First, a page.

# Prisms of equal Height with Parallelogram and Triangle as Base

## Theorem

In the words of Euclid:

*If there be two prisms of equal height, and one have a parallelogram as base and the other a triangle, and if the parallelogram be double the triangle, the prisms will be equal.*

(*The Elements*: Book $\text{XI}$: Proposition $39$)

## Proof

Let $ABCDEF$ and $GHKLMN$ be triangular prisms.

Let $ABCDEF$ be positioned so that the parallelogram $AF$ can be identified as its base, so that its height is defined as the height of one of its triangular faces.

Let $GHK$ be the triangular (conventionally defined) lower base of $GHKLMN$.

Let the height of $ABCDEF$ equal the height of $GHKLMN$.

Let the area of parallelogram $AF$ be twice the area of $GHK$.

It is to be demonstrated that $ABCDEF$ and $GHKLMN$ are equal in volume.

Let the parallelepipeds $AO$ and $GP$ be completed.

We have that $AF$ is twice $\triangle GHK$.

From Proposition $34$ of Book $\text{I} $: Opposite Sides and Angles of Parallelogram are Equal:

- the parallelogram $HK$ is twice $\triangle GHK$.

Therefore $AF = HK$.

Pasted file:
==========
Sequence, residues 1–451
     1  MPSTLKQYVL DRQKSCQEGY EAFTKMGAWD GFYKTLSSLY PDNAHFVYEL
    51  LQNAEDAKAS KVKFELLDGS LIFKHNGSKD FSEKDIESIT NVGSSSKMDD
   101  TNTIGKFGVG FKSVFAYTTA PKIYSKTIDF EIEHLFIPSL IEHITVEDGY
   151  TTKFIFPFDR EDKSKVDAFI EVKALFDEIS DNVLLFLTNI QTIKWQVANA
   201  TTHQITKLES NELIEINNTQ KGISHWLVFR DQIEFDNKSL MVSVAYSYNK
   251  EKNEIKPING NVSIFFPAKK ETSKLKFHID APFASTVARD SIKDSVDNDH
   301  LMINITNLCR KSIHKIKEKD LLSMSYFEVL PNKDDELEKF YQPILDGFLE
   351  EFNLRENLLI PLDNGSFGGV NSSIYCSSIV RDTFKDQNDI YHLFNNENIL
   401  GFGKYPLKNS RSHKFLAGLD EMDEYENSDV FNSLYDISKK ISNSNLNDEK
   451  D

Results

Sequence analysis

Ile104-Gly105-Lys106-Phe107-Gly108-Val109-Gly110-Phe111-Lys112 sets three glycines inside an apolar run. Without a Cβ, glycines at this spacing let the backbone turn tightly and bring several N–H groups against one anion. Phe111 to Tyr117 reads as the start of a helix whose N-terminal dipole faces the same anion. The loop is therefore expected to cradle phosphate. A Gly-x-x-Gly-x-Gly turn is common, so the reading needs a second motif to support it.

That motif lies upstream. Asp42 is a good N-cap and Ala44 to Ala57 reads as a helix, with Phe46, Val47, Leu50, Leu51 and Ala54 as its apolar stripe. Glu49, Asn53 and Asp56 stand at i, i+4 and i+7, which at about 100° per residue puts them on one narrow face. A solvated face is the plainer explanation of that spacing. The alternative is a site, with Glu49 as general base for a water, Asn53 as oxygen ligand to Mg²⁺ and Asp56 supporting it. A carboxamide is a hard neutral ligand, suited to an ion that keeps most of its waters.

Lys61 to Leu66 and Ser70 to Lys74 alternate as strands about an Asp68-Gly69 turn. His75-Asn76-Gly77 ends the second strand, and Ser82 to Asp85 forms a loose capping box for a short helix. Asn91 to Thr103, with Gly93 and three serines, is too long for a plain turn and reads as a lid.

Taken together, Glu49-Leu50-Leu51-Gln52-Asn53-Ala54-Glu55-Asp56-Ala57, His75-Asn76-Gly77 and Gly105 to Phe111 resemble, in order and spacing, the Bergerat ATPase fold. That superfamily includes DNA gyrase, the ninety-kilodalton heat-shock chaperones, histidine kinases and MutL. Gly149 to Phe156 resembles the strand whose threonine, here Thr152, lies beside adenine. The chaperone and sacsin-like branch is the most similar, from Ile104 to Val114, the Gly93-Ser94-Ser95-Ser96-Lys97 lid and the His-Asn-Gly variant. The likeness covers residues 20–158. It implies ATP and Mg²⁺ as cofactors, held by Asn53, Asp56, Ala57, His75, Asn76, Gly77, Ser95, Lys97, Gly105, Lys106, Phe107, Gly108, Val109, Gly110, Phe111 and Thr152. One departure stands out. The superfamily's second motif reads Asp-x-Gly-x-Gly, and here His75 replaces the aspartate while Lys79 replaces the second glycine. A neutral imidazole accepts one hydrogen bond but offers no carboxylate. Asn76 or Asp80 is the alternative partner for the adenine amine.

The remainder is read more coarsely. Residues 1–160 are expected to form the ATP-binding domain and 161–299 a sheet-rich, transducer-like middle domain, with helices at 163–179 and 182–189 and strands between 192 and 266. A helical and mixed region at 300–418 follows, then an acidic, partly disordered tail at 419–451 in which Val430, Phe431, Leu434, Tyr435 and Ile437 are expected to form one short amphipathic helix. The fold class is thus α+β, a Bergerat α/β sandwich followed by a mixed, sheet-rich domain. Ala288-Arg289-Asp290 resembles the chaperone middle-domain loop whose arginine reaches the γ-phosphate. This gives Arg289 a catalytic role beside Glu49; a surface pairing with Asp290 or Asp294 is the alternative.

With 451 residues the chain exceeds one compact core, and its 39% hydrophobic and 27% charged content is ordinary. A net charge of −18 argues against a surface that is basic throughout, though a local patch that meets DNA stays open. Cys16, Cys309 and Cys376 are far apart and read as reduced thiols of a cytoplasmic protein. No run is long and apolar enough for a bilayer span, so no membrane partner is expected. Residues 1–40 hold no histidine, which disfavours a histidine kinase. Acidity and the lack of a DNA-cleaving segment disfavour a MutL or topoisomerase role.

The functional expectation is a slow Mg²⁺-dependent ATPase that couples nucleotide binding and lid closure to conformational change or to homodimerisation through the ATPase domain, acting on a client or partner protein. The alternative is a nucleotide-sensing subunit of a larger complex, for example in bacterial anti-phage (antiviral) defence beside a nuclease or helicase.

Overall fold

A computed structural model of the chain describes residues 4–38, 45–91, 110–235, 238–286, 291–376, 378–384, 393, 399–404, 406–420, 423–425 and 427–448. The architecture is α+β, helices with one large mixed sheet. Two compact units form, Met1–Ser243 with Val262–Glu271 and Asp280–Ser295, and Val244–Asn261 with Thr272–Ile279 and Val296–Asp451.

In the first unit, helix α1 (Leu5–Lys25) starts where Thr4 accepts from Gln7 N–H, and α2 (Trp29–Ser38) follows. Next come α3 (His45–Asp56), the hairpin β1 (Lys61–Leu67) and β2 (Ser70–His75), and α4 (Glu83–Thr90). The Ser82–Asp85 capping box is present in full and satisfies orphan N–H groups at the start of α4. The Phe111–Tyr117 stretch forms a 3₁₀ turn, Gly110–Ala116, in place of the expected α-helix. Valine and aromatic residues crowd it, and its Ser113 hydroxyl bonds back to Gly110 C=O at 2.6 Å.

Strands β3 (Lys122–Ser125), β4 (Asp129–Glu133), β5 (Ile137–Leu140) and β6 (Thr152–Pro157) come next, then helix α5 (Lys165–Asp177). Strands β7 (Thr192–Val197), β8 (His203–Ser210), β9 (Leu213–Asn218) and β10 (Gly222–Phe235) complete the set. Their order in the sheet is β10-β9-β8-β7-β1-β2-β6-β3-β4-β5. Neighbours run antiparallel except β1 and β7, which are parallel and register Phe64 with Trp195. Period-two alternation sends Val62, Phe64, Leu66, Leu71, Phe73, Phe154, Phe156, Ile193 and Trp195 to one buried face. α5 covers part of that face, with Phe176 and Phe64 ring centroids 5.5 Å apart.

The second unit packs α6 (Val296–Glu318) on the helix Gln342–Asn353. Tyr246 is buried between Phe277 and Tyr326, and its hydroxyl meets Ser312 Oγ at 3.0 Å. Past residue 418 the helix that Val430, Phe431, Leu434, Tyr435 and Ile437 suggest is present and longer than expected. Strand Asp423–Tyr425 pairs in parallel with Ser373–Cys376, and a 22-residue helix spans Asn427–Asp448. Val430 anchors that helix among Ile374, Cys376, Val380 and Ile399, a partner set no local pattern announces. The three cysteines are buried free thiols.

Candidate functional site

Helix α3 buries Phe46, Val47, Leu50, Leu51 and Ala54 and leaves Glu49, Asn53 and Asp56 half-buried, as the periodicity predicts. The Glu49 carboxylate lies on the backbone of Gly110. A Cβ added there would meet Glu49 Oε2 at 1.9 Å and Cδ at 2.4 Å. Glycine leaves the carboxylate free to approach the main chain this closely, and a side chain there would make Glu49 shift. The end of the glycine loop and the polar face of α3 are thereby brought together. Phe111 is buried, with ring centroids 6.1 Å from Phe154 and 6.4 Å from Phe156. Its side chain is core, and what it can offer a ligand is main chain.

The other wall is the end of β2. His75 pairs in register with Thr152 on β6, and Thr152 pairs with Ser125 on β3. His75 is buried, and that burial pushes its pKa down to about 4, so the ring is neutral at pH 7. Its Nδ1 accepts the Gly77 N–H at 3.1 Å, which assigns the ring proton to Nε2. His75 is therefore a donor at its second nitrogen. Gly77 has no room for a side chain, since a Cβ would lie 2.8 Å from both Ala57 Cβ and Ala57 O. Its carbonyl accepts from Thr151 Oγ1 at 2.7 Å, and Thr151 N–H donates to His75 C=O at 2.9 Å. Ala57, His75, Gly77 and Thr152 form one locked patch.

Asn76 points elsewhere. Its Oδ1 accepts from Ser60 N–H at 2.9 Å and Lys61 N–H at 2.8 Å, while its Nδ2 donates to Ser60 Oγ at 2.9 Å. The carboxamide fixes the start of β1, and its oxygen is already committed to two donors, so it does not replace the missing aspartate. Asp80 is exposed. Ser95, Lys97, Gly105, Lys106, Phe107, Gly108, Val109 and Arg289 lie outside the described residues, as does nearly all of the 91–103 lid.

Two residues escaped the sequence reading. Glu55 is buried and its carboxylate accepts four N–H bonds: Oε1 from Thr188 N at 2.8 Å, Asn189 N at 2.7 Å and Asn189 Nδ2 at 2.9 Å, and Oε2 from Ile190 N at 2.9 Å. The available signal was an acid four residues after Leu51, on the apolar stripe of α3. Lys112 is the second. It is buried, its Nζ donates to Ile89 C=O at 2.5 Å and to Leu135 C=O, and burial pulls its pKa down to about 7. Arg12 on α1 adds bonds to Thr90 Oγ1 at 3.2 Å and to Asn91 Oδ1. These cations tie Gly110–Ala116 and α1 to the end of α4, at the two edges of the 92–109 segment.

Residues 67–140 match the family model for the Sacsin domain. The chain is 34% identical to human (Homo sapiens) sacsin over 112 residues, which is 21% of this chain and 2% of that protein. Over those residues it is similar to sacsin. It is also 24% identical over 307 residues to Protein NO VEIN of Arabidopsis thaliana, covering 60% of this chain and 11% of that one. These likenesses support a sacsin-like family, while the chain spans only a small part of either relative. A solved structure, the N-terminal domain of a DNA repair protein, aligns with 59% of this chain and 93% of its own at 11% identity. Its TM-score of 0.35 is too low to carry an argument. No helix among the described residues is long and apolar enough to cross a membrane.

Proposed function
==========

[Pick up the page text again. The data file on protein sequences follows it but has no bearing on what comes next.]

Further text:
- the parallelepipeds $AO$ is equal to the parallelepipeds $GP$.

But:

- $ABCDEF$ is half of $AO$

- $GHKLMN$ is half of $GP$.

Hence $ABCDEF$ is equal to $GHKLMN$.

$\blacksquare$

## Historical Note

This proof is Proposition $39$ of Book $\text{XI}$ of Euclid's *The Elements*.

In the words of Thomas L. Heath:

*The phraseology is interesting because we find one of the*parallelogrammic*faces of one of the triangular prisms called its*base*, and the perpendicular on this plane from that vertex of either*triangular*face which is not in this plane its*height*.*

## Sources

- 1926: Sir Thomas L. Heath:
*Euclid: The Thirteen Books of The Elements: Volume 3*(2nd ed.) ... (previous) ... (next): Book $\text{XI}$. Propositions